The basis for approving the grant the approval of the retainer on the basis that:

(a) the applicants have, with the benefit of a detailed judgment of this Court, formed the view that it is appropriate that solicitors be retained to investigate and pursue potential recovery actions;

(b) the applicants have entered into the retainer for the purpose of fulfilling their duties as liquidators of Concrete Supply;

(c) the applicant have formed the view, on reasonable grounds, that it is in the interests of Concrete Supply for Lipman Karas to be the legal firm engaged in the matter;

(d) the terms of the retainer are clear;

(e) although there is no evidence that the applicants have sought to negotiate the rates proposed by Lipman Karas as may have been possible in the circumstances, Mr Lewis has deposed that those terms and fees are consistent with his experience of the commercial rates and terms of solicitors in Adelaide engaged in the kind of work to be undertaken under the retainer; and

(f) this is a case in which the very nature of the work to be undertaken, and its expected duration, makes it improbable that the work to be undertaken pursuant to it could be completed within the period of three months [21].

While it was clear that s 477(2B) required the approval to be sought before a liquidator enters into an agreement as the court has the power to give approval retrospectively, given the disruption of COVID 19 the court was prepared to make the orders retrospective to 20 December 2019 [22] – [24].

In seeking the direction under cl 90 – 15 of the IPS that it is appropriate to retain Lipman Karas, despite the firm having acted for ABCL in the previous proceedings and continuing to do so, [27], the court noted:

  • the principles are, in effect, the same as those which are applied in the exercise of the power under the former s 479(3) ( a court?ordered winding up) or under s 511 (a voluntary winding up) of the Corporations Act [30];
  • the power to give directions should be interpreted widely to give effect to that intention:
  • the power is to give a liquidator advice as to the proper course of action to be taken in the liquidation
  • the Court may give directions that provide guidance on matters of law and the reasonableness of a contemplated exercise of discretion but  not when the subject of the directions sought relates to the making and implementation of a business or commercial decision and when there is no particular legal issue raised and no attack on the proprietary or reasonableness of the decision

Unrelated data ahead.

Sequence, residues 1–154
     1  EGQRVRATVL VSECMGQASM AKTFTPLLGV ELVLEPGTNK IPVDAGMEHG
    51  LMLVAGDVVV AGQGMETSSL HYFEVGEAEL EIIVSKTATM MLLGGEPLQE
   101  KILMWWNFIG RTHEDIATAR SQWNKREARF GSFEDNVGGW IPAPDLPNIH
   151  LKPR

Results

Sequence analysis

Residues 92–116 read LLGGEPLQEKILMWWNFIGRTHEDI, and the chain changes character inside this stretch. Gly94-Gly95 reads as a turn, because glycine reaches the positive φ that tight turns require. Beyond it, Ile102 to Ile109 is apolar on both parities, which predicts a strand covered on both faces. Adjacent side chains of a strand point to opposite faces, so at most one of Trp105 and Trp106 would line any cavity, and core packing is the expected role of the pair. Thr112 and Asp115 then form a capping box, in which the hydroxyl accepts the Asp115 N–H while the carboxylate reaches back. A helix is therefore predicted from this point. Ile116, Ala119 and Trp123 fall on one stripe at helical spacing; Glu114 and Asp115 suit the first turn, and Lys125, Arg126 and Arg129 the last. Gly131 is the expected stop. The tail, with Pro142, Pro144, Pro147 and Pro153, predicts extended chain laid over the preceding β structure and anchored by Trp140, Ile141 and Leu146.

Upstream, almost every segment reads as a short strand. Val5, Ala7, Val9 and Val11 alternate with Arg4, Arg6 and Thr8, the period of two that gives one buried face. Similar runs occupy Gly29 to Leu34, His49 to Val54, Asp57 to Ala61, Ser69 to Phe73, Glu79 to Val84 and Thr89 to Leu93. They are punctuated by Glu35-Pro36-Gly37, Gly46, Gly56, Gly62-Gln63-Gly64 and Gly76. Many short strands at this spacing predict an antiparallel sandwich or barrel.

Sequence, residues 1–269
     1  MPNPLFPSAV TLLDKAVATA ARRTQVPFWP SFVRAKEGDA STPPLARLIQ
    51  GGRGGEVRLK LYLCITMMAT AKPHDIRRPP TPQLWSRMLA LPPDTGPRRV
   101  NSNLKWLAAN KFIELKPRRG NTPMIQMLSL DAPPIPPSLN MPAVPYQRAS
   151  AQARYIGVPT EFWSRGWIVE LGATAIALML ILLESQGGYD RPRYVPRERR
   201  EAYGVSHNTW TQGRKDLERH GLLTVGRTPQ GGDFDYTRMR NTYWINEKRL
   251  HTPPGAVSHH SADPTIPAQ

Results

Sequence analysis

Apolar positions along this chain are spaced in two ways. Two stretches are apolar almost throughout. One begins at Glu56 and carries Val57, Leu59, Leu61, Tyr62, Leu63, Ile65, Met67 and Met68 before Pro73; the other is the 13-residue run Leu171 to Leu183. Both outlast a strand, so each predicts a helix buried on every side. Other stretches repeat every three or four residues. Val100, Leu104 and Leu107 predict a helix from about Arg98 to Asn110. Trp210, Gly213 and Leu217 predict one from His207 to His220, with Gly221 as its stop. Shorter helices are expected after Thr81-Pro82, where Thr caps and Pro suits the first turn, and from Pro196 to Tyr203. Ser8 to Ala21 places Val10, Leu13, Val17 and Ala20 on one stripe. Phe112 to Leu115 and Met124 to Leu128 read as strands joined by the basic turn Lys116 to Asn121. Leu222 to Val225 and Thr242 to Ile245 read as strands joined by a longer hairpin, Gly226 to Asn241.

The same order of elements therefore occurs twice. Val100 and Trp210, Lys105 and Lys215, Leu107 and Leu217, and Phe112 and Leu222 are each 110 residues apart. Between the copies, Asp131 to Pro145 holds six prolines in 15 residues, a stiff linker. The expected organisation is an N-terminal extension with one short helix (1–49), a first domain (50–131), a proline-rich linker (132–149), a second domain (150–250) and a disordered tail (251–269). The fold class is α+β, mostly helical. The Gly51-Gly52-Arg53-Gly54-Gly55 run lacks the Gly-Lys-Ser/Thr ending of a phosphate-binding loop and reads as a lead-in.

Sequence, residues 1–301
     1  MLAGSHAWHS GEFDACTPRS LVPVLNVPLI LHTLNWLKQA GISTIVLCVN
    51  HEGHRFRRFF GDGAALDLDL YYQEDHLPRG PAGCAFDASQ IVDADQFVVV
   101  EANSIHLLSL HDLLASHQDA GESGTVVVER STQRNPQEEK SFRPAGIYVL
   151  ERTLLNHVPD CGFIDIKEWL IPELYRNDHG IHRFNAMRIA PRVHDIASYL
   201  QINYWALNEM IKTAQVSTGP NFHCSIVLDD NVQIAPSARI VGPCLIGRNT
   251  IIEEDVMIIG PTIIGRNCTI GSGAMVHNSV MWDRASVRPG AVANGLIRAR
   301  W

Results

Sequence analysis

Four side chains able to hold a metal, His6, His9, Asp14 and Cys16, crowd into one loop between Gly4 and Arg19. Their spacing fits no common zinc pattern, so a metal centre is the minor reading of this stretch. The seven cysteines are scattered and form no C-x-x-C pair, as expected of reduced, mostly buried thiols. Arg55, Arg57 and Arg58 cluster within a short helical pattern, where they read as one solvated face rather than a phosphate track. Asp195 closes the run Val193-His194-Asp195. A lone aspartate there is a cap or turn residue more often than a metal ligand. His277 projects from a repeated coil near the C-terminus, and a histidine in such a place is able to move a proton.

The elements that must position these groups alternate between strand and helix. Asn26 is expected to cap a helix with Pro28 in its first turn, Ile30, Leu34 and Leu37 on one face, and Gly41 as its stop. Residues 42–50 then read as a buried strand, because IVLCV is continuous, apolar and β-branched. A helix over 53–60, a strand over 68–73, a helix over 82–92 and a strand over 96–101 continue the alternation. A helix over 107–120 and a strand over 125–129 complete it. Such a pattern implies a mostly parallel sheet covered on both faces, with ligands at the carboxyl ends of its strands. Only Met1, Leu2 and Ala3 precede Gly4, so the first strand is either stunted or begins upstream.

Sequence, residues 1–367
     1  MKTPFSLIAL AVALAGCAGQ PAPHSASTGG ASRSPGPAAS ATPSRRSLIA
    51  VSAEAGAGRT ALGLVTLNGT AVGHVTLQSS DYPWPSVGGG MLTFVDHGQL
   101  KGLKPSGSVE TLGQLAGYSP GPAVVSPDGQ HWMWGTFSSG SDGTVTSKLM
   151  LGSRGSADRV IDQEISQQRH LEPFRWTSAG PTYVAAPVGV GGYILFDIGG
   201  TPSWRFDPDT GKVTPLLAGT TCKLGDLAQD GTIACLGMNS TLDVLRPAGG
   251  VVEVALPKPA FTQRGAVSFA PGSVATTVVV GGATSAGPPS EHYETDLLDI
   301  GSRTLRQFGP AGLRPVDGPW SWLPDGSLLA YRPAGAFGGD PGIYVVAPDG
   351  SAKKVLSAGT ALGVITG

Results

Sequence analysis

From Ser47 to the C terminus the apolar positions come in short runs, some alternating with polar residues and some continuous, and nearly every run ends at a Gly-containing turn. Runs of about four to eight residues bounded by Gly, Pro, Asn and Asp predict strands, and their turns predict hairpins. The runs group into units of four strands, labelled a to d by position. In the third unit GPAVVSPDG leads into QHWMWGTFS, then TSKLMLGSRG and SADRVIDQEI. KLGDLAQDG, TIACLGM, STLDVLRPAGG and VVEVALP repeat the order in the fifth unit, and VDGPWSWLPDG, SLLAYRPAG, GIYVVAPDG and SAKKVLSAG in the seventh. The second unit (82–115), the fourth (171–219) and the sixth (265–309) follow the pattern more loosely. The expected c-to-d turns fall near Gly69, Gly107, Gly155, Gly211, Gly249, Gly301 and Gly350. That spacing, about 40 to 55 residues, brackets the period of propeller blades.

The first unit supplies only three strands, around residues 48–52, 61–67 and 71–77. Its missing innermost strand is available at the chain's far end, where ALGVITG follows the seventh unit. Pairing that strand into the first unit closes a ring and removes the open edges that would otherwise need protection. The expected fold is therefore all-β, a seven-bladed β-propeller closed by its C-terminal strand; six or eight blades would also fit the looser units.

• the Court won’t interfere with or seek to second guess the liquidator’s judgment unless there is evidence of:
    • a lack of good faith,
    • an error of law or principle,
    •  real and substantial grounds for doubting the prudence of the liquidator’s conduct
    • the liquidator’s decision being not proper and reasonable [31]
  • the effect of a direction is to sanction a liquidator’s course of conduct so that providing full disclosure has been made to the Court, the liquidator may adopt the course free from the risk of personal liability for breach of duty
  • directions do not bind third parties  and do not determine substantive matters in dispute between the liquidator and third parties
  • while there are authorities which indicate that it is generally inappropriate for a liquidator to obtain legal advice from a lawyer who acts for a party interested in the liquidation there is no absolute rule precluding a liquidator from engaging solicitors who act for a substantial creditor [33] – [34].  The critical question of appropriateness turns on the prejudice to the liquidator’s independence [35]

In acceding to the application to have Lipman Karas to assist the liquidators the court considered:

  • Lipman Karas having considerable accumulated knowledge which can be applied to the benefit of the liquidation because, at [36]:
    • the trial leading to the judgment involved the tender of a substantial volume of documentary evidence of which Lipman Karas was familiar and would avoid other solicitors absorbing  considerable time becoming familiar with both the oral and documentary evidence with the attendant significant time and cost;

    • it would not be appropriate to retain any of the other firms who acted in the litigation because of potential conflicts;

    • there is a significant degree of common interest between ABCL and Concrete Supply;

    • although ABCL is a substantial creditor of Concrete Supply, there is no dispute between it and Concrete Supply

    • the applicants intend to seek independent advice in the event that a conflict between the interests of Concrete Supply and the interests of ABCL arises during the course of the liquidation


These types of applications are made on a reasonably regular basis though liquidators often have their preferred solicitors who probably were not in the substantive litigation or issues involving the company prior to its liquidation.  The applications should be made early in time and before engaging the solicitors, neither of which happened here.  That said the court accepted the explanation for delay, partly due to the COVID 19 disruption, and the importance of having the solicitors engaged having regard to the facts.  Normally that may present difficulties.  The facts in this case, where there was a long running trial preceding the liquidiation, made it practically compelling that Lipman Karas should be appointed.

It is a useful decision in that the court set out the relevant principles and the evidence required to assist the court.